Sunday, January 2nd, 2011
Editor’s note: This is a guest post by Eileen Habelow, Ph.D. of Randstad
You work with them about 8 hours a day, 250 days out of the year. Depending on your line of work, you may see them more than you see friends and family. Your co-workers are an integral part of your ability to do your job, to develop and succeed in your career and even to ensure your day-to-day happiness. In this year’s Randstad Work Watch survey on coworker relationships, 70 percent of respondents said that workplace friendships create a more supportive and friendly workplace. That’s why building healthy, trusting relationships with these people is so important.
I am not suggesting intimate and lifelong friendships, but rather relationships based on mutual respect and a foundation of trust. We are often very different from the people we work with, and therefore a close and comfortable friendship is not always in the cards. This is perfectly alright and often ideal for business as diversity facilitates problem-solving, collaboration, ingenuity and business stability. Imagine if everyone was like you and there were no bossy overachievers or quirky IT guys. Who would make sure every deadline was met and the company’s computer system didn’t crash?
Acknowledging and accepting your coworkers’ differences is the first step in developing a healthy work environment. The second is figuring out how to develop trusting relationships despite those differences. Here are a few ways to develop trust with even the most difficult coworkers.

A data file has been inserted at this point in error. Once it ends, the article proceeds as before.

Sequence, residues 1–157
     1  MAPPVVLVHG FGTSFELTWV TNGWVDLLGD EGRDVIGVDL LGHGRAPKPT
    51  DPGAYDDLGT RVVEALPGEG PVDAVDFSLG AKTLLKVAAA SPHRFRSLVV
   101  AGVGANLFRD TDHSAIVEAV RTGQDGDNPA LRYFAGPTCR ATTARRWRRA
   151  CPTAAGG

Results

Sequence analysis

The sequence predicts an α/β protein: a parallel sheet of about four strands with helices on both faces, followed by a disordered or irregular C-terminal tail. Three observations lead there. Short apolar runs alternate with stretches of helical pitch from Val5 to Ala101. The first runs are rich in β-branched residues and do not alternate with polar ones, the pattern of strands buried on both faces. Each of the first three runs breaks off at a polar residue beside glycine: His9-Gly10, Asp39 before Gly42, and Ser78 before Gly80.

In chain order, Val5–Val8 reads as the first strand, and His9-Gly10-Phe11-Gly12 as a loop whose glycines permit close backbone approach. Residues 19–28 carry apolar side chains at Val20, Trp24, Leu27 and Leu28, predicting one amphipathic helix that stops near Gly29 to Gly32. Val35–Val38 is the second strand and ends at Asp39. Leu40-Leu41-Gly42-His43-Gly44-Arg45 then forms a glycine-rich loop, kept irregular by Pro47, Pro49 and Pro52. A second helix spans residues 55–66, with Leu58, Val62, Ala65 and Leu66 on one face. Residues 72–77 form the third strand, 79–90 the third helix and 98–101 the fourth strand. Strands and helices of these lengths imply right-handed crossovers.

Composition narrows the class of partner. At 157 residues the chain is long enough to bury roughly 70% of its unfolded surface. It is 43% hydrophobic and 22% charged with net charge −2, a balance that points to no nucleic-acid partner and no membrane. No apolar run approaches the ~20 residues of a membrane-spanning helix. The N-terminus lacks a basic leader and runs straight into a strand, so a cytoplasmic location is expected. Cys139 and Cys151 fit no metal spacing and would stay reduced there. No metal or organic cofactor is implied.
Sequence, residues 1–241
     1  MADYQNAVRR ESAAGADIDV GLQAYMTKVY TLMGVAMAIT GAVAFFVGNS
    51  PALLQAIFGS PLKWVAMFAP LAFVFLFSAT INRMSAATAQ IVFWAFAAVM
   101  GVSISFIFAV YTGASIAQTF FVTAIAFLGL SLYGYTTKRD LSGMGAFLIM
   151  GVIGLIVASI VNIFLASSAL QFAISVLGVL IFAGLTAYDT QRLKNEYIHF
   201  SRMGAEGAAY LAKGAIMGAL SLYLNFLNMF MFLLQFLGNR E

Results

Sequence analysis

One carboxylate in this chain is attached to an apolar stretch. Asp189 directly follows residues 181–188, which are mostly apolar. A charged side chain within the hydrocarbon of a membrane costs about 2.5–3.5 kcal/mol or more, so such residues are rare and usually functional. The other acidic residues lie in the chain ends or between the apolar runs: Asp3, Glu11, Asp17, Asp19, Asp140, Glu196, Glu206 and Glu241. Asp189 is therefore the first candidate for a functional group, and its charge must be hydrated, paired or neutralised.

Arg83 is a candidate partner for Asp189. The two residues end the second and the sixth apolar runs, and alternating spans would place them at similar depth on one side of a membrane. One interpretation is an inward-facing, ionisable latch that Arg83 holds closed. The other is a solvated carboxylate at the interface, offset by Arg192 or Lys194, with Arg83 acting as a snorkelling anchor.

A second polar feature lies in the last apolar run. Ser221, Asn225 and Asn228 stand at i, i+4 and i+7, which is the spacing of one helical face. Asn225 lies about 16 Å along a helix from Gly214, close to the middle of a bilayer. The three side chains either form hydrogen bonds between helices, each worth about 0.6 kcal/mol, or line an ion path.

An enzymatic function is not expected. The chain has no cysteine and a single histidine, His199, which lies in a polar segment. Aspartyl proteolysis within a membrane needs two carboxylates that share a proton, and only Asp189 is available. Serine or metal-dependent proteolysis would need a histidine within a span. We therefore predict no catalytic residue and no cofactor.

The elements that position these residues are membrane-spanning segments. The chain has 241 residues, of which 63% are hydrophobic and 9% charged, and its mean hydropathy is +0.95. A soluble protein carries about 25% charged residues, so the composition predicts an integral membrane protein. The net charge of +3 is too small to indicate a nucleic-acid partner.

Healthy relationships are founded on trust and an understanding of who the other person is. People can sense when you’re trying to be someone you’re not, and that façade will put people on their guard. It is hard to work with someone whose personality you can’t predict or whose character you can’t put your finger on. Remember to be yourself, especially in situations when you might be less comfortable – that’s when we are most likely to put up a front.
View Work as a Team Effort
Often coworker relationships can be ridden with competitive tension. It is important to receive credit for the great work you are doing, but it doesn’t have to be at another’s expense. Taking all the credit can feel like a stab in the back to a coworker and create distrust. Next time you have a “big win” at the office, consider whether or not it was achieved single-handedly. Most likely you had some help along the way and those people would appreciate recognition as well.
Deliver on Promises
Coworkers depend on each other to complete tasks and meet deadlines. Following through for a coworker helps the success of the team and should be taken just as seriously as a promise made to a superior. If you feel like you are taking on more than you can handle, let your coworker know and work together to establish a new plan of action. By failing to follow through you not only let your coworker down, but also you establish a record of unreliability.
You cannot expect people to trust you if you don’t trust them back. Take a moment and reflect on your workplace relationships. Are you distrusting? See if any of the above scenarios apply to your coworkers. Are you having trouble reading someone? Did a coworker take all the credit for a group project or let you down on a tight deadline? If so, see if you can make amends or give them another chance to prove their reliability.
We try our best to surround ourselves with trusting relationships in our personal lives. Why shouldn’t we do the same in our professional lives? Think about those people in your life who have helped you develop, succeed and live happily. Chances are they are people with whom you share mutual trust and respect. Why not develop the same type of friendships at work?
Eileen Habelow, Ph.D., is the senior vice president of Organizational Development with Randstad, a global provider of HR solutions and staffing.
* Need a boost to your work happiness? Then check out the Happy at Work Project and start one yourself.
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Image courtesy of Todd Baker